Geometry is custom so I can't fault them for that and I will say that the geometry was not to my liking. The bike had a 68mm bb drop, a 72.5 degree HTA, a 73.5 degree STA, chainstays as long as my cross bike, and a fairly tall head tube. It doesn't fit my style of riding, but worked well in the Alps when I was doing a lot of touring. I didn't find the bike to be too stable, but I have not let this impact the score since its changeable.

Build Quality: 4/10
I won't delve into the cracking problems I had with this frame too much since thats already been documented all over this forum, however, I will mention that its rather peculiar that I've managed to not break frames from other manufacturers doing the same type of riding/racing at the same weight with the same riding style. I'm not that hard on my bikes. Anyways, the finish is what I would say is abysmal. The Photon logos began to randomly flake off (when it was white logoed) and then the clearcoat started to crack. You could tell the paint job was rushed because there were obvious areas where you could tell they didn't spray the frame evenly and allow it to cure right and there was build up from where the paint pooled on the masking tape. I've seen Fujis from Performance Bike with better paint jobs. When I got the bike back the second time the paint was even worse. It looked like some kid bought spray paint, made a stencil and threw it up real quick. The color didn't match the color guide on the website and the clearcoat was worse than before. It started chipping and flaking after two weeks and seemed to be more dull than the first time. I know people aren't buying this bike because they want a ridiculous paint job-there are Colnagos and Pinarellos out there to satisfy that desire, but the frame costs what it does and shouldn't have such an awful attention to detail. People would be better off ordering it completely raw and riding it like that.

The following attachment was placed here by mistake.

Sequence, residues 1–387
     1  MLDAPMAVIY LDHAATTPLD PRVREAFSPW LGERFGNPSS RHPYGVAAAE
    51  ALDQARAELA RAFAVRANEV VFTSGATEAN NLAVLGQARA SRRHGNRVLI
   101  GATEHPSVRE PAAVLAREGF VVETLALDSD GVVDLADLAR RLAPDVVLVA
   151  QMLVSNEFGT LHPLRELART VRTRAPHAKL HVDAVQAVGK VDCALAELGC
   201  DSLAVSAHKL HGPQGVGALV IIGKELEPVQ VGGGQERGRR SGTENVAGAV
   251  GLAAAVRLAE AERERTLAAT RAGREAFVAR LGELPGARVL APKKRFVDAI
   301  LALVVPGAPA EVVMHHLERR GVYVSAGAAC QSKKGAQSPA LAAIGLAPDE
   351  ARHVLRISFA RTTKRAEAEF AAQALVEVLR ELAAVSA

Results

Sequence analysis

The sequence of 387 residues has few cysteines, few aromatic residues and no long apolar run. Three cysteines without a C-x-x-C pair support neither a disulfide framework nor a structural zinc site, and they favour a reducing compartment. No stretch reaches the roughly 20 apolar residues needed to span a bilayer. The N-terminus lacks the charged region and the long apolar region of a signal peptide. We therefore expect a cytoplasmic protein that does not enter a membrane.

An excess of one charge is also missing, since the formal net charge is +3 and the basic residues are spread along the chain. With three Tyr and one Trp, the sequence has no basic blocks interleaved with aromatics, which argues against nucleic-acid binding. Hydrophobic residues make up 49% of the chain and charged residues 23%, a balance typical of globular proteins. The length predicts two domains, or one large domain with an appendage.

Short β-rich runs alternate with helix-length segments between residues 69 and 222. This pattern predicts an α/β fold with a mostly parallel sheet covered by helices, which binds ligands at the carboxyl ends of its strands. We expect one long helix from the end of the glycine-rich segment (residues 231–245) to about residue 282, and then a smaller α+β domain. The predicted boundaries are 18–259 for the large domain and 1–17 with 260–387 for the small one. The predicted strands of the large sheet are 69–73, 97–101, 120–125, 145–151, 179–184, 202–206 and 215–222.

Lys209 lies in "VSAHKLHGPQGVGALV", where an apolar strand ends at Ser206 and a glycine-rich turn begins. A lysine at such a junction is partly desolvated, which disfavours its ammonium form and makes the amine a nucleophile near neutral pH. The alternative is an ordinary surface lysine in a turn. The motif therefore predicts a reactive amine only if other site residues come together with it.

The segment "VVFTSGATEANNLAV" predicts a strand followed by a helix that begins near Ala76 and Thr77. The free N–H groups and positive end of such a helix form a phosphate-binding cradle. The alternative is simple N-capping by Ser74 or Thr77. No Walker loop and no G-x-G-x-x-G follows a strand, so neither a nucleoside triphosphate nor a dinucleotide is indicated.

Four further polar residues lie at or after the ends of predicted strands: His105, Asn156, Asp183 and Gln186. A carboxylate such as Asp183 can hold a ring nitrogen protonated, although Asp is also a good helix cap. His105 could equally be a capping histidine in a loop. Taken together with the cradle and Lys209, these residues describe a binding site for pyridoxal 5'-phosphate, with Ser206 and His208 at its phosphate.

Customer Service: 5/10